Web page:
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Does Your Home Have ‘Wasted Space’? | RISMedia, RISMedia

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Thursday, November 07, 2019

By John Voket

I know firsthand the exasperation that comes when stuff starts seriously cluttering up shelves, counters and corners, and there doesn’t seem to be any space left to store it all.  

Sure, you can go through the exercise of decluttering by tossing out, giving away or donating seldom-used items, but what if you have a use and need for all the things you simply don’t want hanging out in plain sight?

The National Association of Home Builders (NAHB) has a few suggestions about evaluating whether you have areas of wasted space—and where you could find room for a lot more of the stuff you simply want to relocate so that it’s out of sight.

Consider these possible space-making solutions: 

Buy furniture that doubles as storage. If you’re looking to replace old, worn-out furniture, buy pieces that can serve as storage. Consider a coffee table that has drawers or an ottoman that can open up and double as a spot to store blankets.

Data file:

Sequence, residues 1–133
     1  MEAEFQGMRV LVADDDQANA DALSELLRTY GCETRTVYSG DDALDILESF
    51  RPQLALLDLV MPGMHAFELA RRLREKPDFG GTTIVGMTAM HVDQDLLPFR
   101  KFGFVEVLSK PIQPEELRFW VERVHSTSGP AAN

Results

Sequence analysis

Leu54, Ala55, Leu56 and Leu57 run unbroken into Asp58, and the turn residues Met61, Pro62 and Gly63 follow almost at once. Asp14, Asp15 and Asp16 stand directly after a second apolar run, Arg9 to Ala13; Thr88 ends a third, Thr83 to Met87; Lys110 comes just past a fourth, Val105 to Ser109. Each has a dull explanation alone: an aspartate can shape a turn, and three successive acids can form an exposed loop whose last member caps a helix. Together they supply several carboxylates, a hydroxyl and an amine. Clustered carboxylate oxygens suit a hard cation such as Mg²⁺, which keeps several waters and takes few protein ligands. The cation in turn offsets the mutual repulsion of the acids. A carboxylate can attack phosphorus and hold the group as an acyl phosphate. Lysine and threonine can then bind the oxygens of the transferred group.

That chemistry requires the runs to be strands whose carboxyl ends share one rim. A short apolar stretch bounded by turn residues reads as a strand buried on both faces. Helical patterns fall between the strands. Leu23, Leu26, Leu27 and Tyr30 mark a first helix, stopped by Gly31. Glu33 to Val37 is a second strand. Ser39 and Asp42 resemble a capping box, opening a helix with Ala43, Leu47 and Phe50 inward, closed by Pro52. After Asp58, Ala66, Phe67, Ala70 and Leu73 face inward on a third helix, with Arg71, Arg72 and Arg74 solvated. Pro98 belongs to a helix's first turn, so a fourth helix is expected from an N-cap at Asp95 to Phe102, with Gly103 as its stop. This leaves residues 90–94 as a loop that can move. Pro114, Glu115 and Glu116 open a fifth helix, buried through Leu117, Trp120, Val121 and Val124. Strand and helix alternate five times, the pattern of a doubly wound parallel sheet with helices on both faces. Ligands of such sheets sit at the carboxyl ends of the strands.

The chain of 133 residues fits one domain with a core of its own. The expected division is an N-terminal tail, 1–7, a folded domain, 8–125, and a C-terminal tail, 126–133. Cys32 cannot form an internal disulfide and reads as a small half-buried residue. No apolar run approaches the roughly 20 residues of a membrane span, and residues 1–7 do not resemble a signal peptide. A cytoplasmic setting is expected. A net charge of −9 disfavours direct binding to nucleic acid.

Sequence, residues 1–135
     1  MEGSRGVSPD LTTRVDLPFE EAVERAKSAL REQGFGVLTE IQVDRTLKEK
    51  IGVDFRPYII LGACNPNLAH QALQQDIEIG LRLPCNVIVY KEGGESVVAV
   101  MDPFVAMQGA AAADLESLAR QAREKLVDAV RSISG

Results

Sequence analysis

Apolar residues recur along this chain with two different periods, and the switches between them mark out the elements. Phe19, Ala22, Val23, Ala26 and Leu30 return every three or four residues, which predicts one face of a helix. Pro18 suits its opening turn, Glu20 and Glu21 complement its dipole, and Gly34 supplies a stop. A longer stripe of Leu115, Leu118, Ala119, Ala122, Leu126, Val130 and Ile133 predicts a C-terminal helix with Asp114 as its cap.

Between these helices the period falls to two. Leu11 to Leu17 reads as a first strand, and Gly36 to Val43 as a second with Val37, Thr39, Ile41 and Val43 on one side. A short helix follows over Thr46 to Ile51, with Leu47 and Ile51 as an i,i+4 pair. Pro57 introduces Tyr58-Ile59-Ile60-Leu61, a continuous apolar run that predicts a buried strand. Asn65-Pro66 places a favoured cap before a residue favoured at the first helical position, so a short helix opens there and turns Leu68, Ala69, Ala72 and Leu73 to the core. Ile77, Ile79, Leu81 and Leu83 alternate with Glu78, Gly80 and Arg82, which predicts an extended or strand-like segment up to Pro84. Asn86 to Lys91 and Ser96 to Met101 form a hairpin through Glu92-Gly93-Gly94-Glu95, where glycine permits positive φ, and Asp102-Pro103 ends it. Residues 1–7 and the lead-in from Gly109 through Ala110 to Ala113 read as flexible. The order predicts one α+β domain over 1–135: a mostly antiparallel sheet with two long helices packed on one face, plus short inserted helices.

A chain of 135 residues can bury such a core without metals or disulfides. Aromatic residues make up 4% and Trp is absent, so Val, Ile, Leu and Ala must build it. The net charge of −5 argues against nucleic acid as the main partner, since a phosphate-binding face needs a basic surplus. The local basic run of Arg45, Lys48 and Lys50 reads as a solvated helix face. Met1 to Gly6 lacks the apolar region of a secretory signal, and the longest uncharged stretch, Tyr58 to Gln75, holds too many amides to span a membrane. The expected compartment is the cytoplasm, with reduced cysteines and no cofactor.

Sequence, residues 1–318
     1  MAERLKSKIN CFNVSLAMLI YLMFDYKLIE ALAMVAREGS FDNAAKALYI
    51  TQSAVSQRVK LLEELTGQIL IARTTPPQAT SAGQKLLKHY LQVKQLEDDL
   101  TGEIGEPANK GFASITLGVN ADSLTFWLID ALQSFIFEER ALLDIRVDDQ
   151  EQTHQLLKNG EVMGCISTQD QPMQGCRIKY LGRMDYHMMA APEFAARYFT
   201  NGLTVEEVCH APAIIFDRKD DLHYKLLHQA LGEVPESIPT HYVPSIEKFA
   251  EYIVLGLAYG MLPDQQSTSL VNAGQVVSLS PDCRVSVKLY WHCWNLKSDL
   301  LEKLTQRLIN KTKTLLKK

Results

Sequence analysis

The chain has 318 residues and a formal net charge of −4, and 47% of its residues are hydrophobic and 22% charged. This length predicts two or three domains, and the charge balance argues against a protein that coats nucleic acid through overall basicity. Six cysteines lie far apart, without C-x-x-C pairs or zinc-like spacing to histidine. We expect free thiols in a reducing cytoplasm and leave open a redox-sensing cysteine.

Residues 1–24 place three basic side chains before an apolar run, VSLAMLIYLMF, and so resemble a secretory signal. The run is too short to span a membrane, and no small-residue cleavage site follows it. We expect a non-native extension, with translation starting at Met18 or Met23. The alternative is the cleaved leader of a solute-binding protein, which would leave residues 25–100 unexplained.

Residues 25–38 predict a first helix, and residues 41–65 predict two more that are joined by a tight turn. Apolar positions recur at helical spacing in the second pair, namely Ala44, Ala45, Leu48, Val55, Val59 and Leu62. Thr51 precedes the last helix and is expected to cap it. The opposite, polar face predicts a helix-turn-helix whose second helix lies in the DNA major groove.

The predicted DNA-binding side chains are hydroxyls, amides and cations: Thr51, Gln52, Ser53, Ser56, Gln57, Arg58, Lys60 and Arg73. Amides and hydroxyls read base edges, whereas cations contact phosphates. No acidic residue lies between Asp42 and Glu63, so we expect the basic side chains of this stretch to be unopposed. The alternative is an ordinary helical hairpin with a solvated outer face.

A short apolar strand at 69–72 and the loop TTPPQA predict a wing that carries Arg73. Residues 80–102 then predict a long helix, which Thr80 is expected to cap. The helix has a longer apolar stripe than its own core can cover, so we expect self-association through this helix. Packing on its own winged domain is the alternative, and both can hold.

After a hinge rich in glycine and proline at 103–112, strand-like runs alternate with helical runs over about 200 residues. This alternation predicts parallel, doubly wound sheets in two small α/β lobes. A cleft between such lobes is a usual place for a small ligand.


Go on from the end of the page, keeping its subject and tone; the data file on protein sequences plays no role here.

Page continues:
Make use of wasted square footage. Use all of the space available in closets, as well as the kitchen. Homeowners often squander valuable square footage if they don’t install cabinets or shelves that go all the way up to the ceiling. Store seasonal items or things that are rarely used on higher shelves where they’re out of the way, which will free up the lower shelves for items you use all the time. 

Create space with bed risers. By simply raising the height of your bed a few inches, you can gain a lot more storage space. Bed risers can be found in different shapes, styles, textures and colors to complement your current bedroom furniture. They’re inexpensive, create added storage space, and can also give your bedroom a new look.

Do a wardrobe audit. You’ve likely amassed a large collection of clothes over the years, but there are most likely a bunch of items in your wardrobe that you’re not even wearing. Before investing a lot of time deciding where things should go, audit all closets, shelves and drawers to determine what you can do without. For clothes, it’s a good rule of thumb to donate items you haven’t worn in more than 12 months. 

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